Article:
Weather Watch

Wildfires can bring tragedy and a need for precautionary measures

Members of Los Padres National Forest,  Cal Fire, the Fire Safe Council of San Luis Obispo and PG&E at the Mt. Lowe communications site.
Members of Los Padres National Forest, Cal Fire, the Fire Safe Council of San Luis Obispo and PG&E at the Mt. Lowe communications site.

In 2005, Brian Bruns and two other members of his crew were killed in the rugged foothills of the Sierras near Chico. They were flying in a P-3 Orion aircraft converted to a fire-retardant tanker while on a training mission. This aircraft can deploy up to 3,000 gallons of life-saving fire retardant to protect firefighters on the ground.

Brian was also a reservist with the U.S. Navy. He flew the P-3C Orion maritime patrol aircraft with VP-65 at Naval Air Station Point Mugu near Ventura that tracked submarines. He was one of the most liked and accomplished pilots in our squadron. I enjoyed flying with him immensely; he brought out the best in everyone.

He once told me that a Borate Bomber was the fastest way to slow down a wildfire. Today, the fire retardant is a slurry of mostly water and fertilizer. It works by coating the ground and plants with a moisture barrier. This mixture is dyed bright red to allow tanker pilots to deploy a seamless line of retardant in front of an advancing fire.

Tragically, another former Navy P-3 pilot, Geoffrey “Craig” Hunt, was killed last week when his S-2 Tracker aircraft crashed while battling a wildfire in Yosemite National Park. When he wasn’t fighting fires, he taught biochemistry at UC Santa Cruz. He leaves behind a wife and two daughters.

The S-2 aircraft that he piloted used to fly from aircraft carriers in the 1950s and ’60s and has since been converted to fight wildfires for Cal Fire. The aircraft’s bomb bay that used to drop torpedoes now drops up to 1,200 gallons of flame retardant from its belly.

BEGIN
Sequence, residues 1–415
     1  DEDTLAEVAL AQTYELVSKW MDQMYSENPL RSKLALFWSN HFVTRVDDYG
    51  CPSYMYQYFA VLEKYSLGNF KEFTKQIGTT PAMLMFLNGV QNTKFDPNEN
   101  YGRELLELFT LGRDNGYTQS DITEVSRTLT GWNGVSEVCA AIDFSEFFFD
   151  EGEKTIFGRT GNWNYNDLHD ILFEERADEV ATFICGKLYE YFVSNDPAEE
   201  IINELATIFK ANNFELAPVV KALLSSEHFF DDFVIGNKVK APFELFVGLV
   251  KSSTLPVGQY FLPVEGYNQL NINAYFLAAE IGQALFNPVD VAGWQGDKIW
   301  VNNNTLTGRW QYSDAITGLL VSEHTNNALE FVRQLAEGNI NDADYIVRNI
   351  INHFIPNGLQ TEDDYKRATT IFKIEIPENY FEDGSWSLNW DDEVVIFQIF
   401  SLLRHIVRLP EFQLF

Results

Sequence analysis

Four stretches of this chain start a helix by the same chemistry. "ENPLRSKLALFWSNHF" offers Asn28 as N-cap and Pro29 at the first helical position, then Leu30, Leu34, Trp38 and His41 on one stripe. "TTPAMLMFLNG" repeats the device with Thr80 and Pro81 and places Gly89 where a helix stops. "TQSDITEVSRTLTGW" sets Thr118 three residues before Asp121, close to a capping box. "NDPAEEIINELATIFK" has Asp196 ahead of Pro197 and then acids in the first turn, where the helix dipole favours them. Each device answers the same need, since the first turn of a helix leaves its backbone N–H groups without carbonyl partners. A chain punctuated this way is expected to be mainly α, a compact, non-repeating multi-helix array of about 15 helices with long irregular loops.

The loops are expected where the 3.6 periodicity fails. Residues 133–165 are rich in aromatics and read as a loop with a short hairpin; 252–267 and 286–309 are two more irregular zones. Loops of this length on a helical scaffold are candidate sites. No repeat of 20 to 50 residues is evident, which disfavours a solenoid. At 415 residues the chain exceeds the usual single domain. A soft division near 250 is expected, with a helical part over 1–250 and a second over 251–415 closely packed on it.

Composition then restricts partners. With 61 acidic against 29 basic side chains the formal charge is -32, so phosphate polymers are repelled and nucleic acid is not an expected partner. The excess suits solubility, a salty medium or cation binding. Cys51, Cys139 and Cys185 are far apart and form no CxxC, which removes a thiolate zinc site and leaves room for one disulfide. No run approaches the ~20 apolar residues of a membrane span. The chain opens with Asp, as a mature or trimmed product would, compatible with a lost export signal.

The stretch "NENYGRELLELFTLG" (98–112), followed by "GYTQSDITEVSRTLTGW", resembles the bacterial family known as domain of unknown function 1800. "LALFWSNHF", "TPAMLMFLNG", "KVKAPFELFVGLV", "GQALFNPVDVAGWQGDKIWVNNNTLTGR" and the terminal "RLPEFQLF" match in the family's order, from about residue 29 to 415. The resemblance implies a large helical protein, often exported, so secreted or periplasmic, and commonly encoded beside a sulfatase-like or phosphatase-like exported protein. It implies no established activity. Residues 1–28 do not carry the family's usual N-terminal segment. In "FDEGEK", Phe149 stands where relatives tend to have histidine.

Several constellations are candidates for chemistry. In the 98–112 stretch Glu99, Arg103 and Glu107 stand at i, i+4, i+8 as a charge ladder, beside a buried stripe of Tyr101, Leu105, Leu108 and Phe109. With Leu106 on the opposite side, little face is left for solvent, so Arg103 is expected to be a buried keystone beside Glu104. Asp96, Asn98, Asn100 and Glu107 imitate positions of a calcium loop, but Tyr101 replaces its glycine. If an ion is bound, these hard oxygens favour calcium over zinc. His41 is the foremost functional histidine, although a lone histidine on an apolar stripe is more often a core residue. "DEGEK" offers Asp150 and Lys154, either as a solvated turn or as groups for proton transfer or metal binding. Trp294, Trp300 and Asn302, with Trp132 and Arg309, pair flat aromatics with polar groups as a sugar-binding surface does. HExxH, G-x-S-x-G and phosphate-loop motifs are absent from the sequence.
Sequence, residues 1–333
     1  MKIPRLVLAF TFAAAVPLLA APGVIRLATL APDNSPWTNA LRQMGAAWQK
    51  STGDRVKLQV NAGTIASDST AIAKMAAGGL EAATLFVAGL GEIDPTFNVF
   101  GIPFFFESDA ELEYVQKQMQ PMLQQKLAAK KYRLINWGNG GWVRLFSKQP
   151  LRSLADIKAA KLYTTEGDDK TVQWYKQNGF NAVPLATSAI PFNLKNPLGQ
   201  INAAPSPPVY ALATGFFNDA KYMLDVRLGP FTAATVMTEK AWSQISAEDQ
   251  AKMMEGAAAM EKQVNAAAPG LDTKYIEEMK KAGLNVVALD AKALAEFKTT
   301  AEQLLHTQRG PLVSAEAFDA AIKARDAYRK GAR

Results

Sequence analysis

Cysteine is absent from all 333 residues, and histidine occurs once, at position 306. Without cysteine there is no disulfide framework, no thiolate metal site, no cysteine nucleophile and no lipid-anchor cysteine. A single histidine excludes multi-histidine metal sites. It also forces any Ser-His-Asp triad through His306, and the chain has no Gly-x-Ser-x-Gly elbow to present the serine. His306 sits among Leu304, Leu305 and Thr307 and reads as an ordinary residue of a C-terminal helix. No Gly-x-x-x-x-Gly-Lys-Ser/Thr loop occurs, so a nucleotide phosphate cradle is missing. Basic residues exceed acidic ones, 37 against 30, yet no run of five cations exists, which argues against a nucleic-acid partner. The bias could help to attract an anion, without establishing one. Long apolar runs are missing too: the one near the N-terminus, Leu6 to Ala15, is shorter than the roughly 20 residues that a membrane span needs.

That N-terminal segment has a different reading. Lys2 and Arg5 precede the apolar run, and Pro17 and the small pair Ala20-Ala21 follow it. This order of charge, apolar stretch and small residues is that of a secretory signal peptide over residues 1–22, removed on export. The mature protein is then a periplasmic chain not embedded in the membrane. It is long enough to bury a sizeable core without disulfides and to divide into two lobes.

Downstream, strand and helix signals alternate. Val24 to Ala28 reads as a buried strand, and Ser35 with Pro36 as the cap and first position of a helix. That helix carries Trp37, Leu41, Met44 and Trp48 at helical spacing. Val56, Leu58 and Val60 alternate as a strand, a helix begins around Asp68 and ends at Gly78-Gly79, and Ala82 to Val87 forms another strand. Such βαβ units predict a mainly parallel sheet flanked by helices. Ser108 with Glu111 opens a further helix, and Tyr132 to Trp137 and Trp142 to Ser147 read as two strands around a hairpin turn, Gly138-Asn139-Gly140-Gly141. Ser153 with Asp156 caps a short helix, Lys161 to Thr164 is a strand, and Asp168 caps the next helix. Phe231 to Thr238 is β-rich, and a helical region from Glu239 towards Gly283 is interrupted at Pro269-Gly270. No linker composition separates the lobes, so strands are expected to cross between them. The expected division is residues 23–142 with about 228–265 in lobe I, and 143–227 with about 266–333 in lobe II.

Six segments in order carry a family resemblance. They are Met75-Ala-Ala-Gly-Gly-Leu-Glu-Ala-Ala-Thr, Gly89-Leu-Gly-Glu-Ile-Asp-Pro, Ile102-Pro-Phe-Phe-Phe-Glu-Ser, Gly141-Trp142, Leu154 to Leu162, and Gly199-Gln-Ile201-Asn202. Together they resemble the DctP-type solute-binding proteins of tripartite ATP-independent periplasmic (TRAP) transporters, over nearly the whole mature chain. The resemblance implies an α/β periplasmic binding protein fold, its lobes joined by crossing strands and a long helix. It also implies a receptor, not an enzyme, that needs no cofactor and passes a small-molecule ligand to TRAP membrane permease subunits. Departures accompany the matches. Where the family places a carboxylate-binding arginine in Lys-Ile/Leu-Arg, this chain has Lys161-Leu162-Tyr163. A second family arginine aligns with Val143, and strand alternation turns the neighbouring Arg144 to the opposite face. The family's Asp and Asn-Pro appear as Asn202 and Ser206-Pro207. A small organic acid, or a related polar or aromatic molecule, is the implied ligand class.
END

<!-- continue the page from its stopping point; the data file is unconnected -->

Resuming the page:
The loss of Hunt underscores the severity of way too little rainfall and record-breaking warm temperatures that has left California parched. Everyone has suffered. Groundwater levels have dropped dramatically and left some California communities without water.

Many of the state’s lakes and reservoirs are near or at record-low levels. California’s air quality has significantly worsened, especially in the Central Valley. Ranchers have seen a significant of loss of forage for their herds, and many farmers had their water allotments drastically reduced or eliminated.

But one of the most worrisome consequences of this unprecedented drought and record warm temperatures is the threat of wildfire. Robert Lewin, chief of Cal Fire in San Luis Obispo, told me, “We have never seen such low vegetation moisture levels as we’re experiencing this year.”

The lower the amount of water in plants, the less heat will be required to evaporate the moisture before it will burn. Chief Lewin keeps a wary eye on the sky.

So far this year, San Luis Obispo County has been spared a major wildfire, but many people have vivid memories of years past, including the Highway 41 Fire. Back in 1994, this fire raged east and south of Atascadero and burned 49,000 acres. The fire caused significant power outages and destroyed or damaged numerous homes and structures, including radio and microwave transmission towers and support buildings along the Cuesta Ridge of the Santa Lucia Mountains.

“That fast-moving wildfire affected all of us when we needed power and communication the most,” Chief Lewin said. “This year, due to the extreme fire behavior potential, there is significant high risk for a similar devastating wildfire.”

On Friday, PG&E and the Fire Safe Council of San Luis Obispo announced a partnership to help reduce the risk of wildfire in San Luis Obispo County. During an event at the Mt. Lowe communications site near Cuesta Pass, PG&E provided $163,500 to the fire council to support needed fuel reduction, infrastructure protection and defensible space projects throughout the county. Part of these funds will be used to establish defensible space around vital radio, TV and cellular tower locations along the Cuesta Ridge.

“It’s been 20 years since the infamous 41 fire,” said San Luis Obispo County Supervisor Frank Mecham, who is also president of the Fire Safe Council. “We need to continue our efforts at protecting our critical infrastructure before another major fire strikes. These projects do just that. We appreciate the public/private partnership our Fire Safe Council has fostered with PG&E.”

“Wildfires are a huge risk in San Luis Obispo County — a threat that will only intensify as the ongoing drought continues to impact our region,” said Pat Mullen, PG&E’s local division director. “PG&E is proud to help our customers prevent wildfires in the area and protect critical infrastructure. We live and work in this community, and there’s nothing more important to us than the safety of local residents.”